Kaj?! Five Things We Learned About Milan Bandic This Week

By 9 February 2020

February the 9th, 2020 - The Mayor of Zagreb is a colourful fellow. Mired in controversy and often the culprit in many an eyebrow-raising, funny, or just plain ridiculous story - Milan Bandic has seen (and probably done) it all. In his many years serving the City of Zagreb as mayor, many a scandal has found itself at his doorstep. With USKOK (Bureau for Combating Corruption and Organised Crime) now hot on his heels, let's take a look at what we've found out about Milan Bandic in the last week or so alone.

Milan Bandic holds the citizenship of Bosnia and Herzegovina

Hold your horses, you might say, many Croats and indeed many citizens of neighbouring Bosnia and Herzegovina hold each other's citizenship. You'd be right. Zdravko Mamic, Dinamo Zagreb's former main man, who also spent much of his time in a quagmire of controversy, also holds citizenship of Bosnia and Herzegovina. He used his second passport as a way to escape justice in Croatia and live just over the border in Medjugorje - Bosnia typically does not extradite its citizens. 

Could Milan Bandic be thinking along the same lines now that certain unwanted events from his past are catching up with him more and more quickly? Potentially. According to the Croatian media, it isn't known just when Bandic obtained citizenship of Bosnia and Herzegovina and the appropriate ministry doesn't want to reveal it. Telegram reports that according to checks carried out, Milan Bandic, who was indeed born in Grude, Bosnia and Herzegovina, does hold citizenship of the country and it seems he obtained citizenship based on ethnicity/descent.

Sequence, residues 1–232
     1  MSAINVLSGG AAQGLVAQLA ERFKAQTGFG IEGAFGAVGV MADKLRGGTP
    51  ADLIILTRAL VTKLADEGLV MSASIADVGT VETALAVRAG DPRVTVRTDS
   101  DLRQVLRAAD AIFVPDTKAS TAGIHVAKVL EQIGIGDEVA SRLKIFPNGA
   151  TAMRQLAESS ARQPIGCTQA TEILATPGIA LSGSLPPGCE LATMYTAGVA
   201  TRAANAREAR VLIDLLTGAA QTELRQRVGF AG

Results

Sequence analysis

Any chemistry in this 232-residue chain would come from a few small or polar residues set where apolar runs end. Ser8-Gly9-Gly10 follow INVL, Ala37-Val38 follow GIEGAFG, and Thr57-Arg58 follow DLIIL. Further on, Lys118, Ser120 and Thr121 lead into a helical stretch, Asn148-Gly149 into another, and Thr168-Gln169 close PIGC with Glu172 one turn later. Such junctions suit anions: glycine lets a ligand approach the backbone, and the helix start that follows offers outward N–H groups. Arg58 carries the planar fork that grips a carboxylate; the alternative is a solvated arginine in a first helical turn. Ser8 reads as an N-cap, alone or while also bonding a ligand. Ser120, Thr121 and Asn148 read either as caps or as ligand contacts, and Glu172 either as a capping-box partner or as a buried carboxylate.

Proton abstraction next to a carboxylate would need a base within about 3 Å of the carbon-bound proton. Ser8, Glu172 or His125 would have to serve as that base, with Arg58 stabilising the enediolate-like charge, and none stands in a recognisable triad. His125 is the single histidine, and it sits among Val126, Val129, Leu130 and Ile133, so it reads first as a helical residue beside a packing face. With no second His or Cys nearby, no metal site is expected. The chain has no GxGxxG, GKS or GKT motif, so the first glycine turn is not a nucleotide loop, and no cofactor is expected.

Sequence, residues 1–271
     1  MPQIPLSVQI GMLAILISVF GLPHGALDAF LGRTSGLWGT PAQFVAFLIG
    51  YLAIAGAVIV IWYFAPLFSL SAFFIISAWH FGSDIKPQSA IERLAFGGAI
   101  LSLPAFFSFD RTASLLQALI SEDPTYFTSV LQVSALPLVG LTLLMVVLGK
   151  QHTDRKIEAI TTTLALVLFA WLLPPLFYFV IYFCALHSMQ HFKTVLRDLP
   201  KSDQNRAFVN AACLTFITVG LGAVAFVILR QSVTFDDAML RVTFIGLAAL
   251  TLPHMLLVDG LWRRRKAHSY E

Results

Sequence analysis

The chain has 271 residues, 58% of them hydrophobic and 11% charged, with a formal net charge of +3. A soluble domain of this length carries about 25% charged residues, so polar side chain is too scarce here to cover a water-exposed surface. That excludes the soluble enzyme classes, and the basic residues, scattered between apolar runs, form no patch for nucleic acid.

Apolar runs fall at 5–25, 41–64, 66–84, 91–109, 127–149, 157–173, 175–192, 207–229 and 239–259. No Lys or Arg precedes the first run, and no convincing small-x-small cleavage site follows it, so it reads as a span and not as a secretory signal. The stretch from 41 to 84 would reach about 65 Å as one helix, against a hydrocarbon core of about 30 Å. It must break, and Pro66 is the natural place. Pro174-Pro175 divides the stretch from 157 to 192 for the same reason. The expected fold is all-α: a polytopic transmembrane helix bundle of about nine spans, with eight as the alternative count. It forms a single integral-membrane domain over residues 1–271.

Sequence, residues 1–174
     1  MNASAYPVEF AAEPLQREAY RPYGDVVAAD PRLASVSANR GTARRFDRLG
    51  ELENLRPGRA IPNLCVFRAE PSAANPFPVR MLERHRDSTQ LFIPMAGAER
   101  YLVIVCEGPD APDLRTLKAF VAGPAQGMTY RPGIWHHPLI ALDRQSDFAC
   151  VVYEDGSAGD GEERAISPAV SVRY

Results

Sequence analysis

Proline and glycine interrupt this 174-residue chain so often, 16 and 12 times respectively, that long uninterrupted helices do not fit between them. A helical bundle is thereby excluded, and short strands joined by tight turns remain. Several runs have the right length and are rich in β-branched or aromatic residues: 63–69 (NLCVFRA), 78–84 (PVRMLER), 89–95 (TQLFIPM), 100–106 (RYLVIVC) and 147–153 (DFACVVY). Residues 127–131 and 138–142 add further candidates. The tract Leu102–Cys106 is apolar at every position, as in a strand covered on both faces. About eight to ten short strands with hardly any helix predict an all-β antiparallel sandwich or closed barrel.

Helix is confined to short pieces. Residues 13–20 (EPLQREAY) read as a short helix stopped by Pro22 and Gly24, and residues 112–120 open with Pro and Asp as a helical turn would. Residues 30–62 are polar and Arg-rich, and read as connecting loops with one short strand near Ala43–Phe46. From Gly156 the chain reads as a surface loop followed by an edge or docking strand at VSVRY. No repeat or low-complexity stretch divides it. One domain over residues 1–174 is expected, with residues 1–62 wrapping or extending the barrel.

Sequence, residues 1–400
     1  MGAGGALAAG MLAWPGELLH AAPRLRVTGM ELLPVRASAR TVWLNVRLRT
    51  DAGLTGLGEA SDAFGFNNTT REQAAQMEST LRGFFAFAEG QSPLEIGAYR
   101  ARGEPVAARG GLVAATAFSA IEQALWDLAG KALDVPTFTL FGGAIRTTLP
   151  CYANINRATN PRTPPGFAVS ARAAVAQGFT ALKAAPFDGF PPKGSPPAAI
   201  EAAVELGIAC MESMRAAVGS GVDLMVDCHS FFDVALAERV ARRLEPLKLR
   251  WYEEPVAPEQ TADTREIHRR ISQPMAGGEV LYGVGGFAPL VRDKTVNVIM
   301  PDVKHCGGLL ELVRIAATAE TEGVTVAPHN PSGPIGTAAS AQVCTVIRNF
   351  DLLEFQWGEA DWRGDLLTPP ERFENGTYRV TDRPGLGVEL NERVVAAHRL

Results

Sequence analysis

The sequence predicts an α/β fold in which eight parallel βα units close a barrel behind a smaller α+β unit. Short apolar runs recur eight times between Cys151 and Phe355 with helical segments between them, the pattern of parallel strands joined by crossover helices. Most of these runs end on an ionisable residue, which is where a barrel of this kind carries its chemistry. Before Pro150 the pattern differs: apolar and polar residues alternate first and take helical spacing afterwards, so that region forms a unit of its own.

Bandic was born in 1955 in Grude, and then held what was Yugoslavian citizenship. He has held Croatian citizenship since Croatia declared independence, and has lived in Zagreb since 1974. Bandic believes questions about his second citizenship are ''racist questions'', as he made sure to say in response to questioning from a journalist. 

''I'm a citizen of Croatia and I'll be the President of Croatia. Your question is racist,'' exclaimed Milan Bandic when asked about him holding citizenship of Bosnia and Herzegovina back in 2009. 

Milan Bandic divorced his wife so he could acquire a cheap apartment

Marital bliss means very little when there's a bargain to be had. 24 years ago, Milan and his wife Vesna apparently went through a rough patch, which all relationships and marriages go through at some point or another. They filed for divorce in 1996 and their very short-lived divorce was amicable and friendly, as the then ex-husband, Milan Bandic, immediately approved his ex-wifes request to buy an apartment for a price seven times lower than its market value.